Maybe the U.S. should revisit our accreditation laws? Maybe embrace more tests to give access to more folks to investment products? Who are we protecting - the elite or the common person? As you know, savings will not help a person become wealthy anymore - the only way to wealth is investing now.
I've been immersed in the blockchain and crypto space for about 5+ years and I still feel like I'm just a beginner in so many ways. Even the above highlighted news articles that I write about requires a lot of context and knowledge - whether it be on the history or simple definitions.
Here's a resource I put together over a couple of years, and have been maintaining for another couple of years thanks to crowdsourcing and the community. You may have noticed that there are multiple definitions for almost every term in this space - so consolidating as best as possible one version of the truth was the focus of the "Global Super Blockchain Glossary". I'll hope you'll be able to use it as a resource for yourself, and if you find any definitions or words that are incorrect/missing/needs updates, please help keep it up to date so others can benefit.
AND whether you’re into blockchain for technological innovation or looking to trade crypto, it all starts with the fundamentals. Fundamentals are everything to do with the theory, the context, the history and the "why it matters".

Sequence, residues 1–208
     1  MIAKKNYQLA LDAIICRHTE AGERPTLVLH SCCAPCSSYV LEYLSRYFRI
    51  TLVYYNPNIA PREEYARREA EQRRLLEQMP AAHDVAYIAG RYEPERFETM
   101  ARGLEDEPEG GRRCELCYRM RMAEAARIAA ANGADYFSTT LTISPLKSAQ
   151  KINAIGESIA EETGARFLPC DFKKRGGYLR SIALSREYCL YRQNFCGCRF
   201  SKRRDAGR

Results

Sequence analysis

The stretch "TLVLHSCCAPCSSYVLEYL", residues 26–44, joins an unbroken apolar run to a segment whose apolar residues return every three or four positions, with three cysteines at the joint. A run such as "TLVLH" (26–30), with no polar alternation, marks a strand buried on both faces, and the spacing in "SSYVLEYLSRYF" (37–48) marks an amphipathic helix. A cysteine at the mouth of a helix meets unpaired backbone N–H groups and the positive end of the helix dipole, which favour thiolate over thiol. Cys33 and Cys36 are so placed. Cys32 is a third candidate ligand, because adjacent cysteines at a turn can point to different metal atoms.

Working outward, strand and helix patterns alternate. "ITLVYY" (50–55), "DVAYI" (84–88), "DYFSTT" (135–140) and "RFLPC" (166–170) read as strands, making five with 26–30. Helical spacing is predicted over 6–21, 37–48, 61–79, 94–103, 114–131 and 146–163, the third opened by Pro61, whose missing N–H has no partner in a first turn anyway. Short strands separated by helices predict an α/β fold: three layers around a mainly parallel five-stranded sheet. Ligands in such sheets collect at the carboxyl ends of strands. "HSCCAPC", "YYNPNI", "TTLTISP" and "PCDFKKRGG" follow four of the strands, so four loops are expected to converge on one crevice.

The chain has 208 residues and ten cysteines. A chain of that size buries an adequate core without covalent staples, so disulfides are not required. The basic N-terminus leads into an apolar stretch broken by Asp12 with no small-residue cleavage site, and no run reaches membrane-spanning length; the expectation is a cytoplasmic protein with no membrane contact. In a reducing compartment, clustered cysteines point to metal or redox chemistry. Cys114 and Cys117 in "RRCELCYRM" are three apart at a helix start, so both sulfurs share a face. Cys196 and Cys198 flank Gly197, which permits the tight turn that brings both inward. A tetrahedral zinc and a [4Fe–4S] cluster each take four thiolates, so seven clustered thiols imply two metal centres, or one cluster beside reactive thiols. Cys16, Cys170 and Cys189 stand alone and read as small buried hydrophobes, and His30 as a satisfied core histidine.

The waitlist has already been filling up quickly for my next "Blockchains & Cryptos Fundamentals" course. Get on the waitlist and get in-the-know. Standby, I'll be releasing a THREE DAY version of this course for those that need an even more compressed and curated course.
In case you didn't know, all AMAs with guests are recorded and posted on our podcast and YouTube show, Windshield Time. Recent AMA's with Jennifer Mace (Crypto Tax), and Hong Fang (CEO of Okcoin) have been posted!
Join my weekly AMA every Friday, 12-1pm PST
Blockchain is a game changer as a powerful alternative technology to what most businesses use today. Cryptocurrencies and other kinds of digital tokens are fascinating. This meetup is all about focusing our time on global impactful topics, not just crypto-fluffery.
Join us if you want to get into real authentic discussions about what really matters in the blockchain space and have some actual FUN while we're at it, via the Blockchain Underground.
See you next week!
– Arry (@ArryinSeattle)
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Arry is the Chair of the Cascadia Blockchain Council, a group supported by the Washington Technology Industry Association (WTIA), the largest US tech association representing technology companies from Oregon to British Columbia. She is also the co-organizer for the States' Assn for Blockchain and was one of the early pioneers that completed a $32m tokensale in an Initial Coin Offering (ICO) back in 2017. She founded the Cascadia Blockchain Council in 2018 and has been an avid educator, advocate, investor, and innovator in the space since 2016.